site.btaWhy Is Turkey Making it Easier for Bulgarians to Visit and Travel?
After a decree of President Recep Tayyip Erdogan was gazetted on Wednesday, Bulgarian nationals can now enter Turkey on just an ID card for a tourist visit of up to 90 days within a period of 180 days. The news made the headlines.
Bulgaria is the first European country whose nationals have been granted such a convenience regarding travel to that country.
Years ago, even when it began accession negotiations with the EU, Turkey unilaterally lifted visas for Bulgarian nationals. Again for the travellers' convenience, single coronavirus testing was allowed on Turkish territory, to avoid double testing.
Now Turkey is taking yet another step in making travel for Bulgarians easier.
There was a time when many Turks travelled to Bulgaria on vacation or shopping. Foods like yellow and white cheese, meat, and last but not least, liquor, were bought because they were cheap and the purchasing value of the Turkish lira against the Bulgarian lev was an important advantage.
Now, though, the flow of tourists has turned from Bulgaria to Turkey due to the devaluation of the Turkish lira by about 80% per cent (to date, TRY 10 exchanges for BGN 1.07) and the rise in the price of goods in Bulgaria. A record was set this last April, when more than 10,000 Bulgarians visited Edirne, which has a population of some 100,000, in just one day.
Bulgarians do not visit Turkey just for shopping, though.
The restored Bulgarian church of Saint Stephen has become one of the most visited tourist sites along with Istanbul’s other landmarks. Thousands of Bulgarians from all parts of the country flock to the megalopolis on major holidays like Easter and Christmas.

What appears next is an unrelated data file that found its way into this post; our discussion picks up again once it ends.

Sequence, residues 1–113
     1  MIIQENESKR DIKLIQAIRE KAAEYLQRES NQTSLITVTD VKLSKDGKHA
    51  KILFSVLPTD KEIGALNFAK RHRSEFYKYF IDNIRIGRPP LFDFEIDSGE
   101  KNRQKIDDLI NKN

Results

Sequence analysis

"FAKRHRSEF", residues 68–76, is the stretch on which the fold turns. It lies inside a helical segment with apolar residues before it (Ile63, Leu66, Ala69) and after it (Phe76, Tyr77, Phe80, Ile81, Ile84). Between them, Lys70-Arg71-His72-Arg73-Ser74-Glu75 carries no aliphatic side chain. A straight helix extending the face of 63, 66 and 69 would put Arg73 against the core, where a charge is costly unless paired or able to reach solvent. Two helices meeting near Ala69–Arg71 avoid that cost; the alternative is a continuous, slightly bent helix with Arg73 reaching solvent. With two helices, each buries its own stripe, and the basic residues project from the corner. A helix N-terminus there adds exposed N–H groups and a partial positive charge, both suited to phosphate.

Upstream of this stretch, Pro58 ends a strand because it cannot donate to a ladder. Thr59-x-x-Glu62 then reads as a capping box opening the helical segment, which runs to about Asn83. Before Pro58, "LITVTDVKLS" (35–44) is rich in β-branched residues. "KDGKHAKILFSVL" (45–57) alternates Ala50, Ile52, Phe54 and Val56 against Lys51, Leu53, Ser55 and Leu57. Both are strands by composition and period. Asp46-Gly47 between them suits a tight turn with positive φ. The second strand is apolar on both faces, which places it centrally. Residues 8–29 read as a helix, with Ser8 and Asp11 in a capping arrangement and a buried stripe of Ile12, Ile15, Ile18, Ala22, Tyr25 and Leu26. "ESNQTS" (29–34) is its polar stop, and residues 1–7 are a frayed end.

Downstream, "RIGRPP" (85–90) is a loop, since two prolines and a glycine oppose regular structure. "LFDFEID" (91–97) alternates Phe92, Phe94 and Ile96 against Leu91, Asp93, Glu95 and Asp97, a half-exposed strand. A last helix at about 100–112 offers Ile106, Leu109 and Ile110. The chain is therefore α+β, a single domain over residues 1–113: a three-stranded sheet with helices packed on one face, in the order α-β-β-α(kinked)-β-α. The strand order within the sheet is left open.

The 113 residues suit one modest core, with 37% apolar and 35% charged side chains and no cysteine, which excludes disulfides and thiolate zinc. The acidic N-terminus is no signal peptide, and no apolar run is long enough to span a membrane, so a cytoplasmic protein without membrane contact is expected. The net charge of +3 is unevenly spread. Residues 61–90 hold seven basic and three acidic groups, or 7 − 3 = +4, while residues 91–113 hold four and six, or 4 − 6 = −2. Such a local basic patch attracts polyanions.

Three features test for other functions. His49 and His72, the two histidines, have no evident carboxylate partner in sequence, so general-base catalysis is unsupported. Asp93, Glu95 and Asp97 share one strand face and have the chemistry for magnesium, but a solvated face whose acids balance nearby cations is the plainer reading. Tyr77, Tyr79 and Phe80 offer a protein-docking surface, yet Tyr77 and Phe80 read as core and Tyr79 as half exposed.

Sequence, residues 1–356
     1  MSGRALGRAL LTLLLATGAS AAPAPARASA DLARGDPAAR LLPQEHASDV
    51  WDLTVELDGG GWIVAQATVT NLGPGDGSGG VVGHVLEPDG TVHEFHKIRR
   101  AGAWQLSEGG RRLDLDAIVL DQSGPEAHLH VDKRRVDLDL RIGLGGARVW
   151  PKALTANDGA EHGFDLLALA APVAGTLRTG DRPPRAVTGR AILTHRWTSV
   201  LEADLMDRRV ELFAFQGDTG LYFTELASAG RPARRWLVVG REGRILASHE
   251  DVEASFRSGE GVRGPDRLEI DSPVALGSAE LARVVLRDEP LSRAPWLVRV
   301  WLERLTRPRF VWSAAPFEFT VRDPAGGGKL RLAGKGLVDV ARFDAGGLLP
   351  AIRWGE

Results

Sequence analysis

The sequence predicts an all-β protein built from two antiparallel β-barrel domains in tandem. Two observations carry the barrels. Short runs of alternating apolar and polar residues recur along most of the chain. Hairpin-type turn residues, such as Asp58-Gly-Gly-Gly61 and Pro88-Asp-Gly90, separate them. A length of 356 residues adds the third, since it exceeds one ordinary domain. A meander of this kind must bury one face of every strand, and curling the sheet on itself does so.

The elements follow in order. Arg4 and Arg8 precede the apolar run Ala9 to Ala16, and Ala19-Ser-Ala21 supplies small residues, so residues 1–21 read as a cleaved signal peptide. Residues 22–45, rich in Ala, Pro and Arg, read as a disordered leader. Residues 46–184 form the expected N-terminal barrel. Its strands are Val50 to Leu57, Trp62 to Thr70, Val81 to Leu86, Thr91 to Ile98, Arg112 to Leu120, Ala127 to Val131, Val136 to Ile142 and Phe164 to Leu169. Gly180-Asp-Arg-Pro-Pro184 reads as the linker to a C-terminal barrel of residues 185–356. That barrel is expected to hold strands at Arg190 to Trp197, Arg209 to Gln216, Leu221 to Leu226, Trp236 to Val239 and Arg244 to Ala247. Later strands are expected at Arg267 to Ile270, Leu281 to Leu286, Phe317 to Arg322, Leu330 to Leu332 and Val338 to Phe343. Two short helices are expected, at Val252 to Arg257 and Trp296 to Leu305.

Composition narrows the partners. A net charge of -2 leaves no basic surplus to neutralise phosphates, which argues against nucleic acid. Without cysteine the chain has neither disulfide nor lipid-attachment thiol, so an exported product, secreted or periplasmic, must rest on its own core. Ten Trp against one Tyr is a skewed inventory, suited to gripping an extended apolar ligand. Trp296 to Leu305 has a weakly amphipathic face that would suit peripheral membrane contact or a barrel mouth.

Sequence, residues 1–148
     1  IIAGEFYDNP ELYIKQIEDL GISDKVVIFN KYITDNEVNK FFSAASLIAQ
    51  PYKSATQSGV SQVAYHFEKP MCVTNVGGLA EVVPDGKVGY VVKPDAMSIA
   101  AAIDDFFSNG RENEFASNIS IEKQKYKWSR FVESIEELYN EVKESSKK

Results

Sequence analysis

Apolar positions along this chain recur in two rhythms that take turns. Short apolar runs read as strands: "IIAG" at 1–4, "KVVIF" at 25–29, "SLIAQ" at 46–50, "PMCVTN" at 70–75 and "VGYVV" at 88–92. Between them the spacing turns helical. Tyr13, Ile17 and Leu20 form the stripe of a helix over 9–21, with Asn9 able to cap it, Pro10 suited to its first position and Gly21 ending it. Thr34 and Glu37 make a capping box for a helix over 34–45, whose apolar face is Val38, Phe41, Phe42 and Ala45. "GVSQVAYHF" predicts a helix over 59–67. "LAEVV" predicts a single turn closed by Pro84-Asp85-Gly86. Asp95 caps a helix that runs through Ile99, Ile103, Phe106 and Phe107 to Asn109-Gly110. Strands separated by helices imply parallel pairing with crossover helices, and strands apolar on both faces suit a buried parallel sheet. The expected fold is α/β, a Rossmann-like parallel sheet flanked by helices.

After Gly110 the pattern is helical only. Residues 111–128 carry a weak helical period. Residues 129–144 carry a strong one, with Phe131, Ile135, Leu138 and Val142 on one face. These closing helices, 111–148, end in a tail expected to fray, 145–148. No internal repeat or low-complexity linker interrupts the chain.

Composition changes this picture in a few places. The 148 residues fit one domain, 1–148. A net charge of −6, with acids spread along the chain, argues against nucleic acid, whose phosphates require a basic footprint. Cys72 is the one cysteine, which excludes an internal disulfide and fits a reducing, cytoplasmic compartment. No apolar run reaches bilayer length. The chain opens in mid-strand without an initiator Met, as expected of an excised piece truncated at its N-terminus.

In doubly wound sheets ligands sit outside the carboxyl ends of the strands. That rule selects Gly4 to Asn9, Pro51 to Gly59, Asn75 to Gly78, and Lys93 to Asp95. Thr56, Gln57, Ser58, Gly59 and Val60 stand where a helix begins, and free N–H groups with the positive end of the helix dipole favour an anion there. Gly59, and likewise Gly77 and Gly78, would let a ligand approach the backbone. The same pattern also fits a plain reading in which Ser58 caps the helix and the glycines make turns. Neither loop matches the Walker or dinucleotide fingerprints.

The Aegean sea resorts are a favourite destination for thousands of Bulgarians.
In May alone, 57,874 Bulgarian tourists visited Turkey, ranking Bulgaria among the top five countries in tourist trips.
The President's decree coincides with the peak of the tourist season, so Bulgarian citizens will find it easier to holiday in Turkish resorts, as well as to travel to more distant places such as the Turkish Black Sea coast or Eastern Anatolia.
Turkey also unilaterally waived visas for some Arab tourists and as of last month its Black Sea coast, which is cooler, is full of them.
The other side of the medal
Bulgaria's visa requirement for Turkish citizens remains a problem.
Bulgaria has abolished visa requirements for Turkish diplomatic and service passport holders. Turkish officials say, however, that this is not enough.
Civil organizations in Turkey have repeatedly demanded the lifting of visas on a reciprocal basis or visa facilitation.
"Turkish citizens love Bulgaria, they want to visit it more often, on weekends, to go on holiday with their families, at any time of the year, but visas are a serious problem that also has an economic side, especially for families with children," the Chairman of the Confederation of Rumeli Balkan Turks, Sabri Mutlu, told BTA.
Some time ago, the Bulgarian Hotelier and Restaurateur Association called for a visa waiver for Turkish tourists in order to attract them in larger numbers to the country.
There is also a pressing need to ease red tape and expedite Bulgarian visa issuing to Turkish nationals.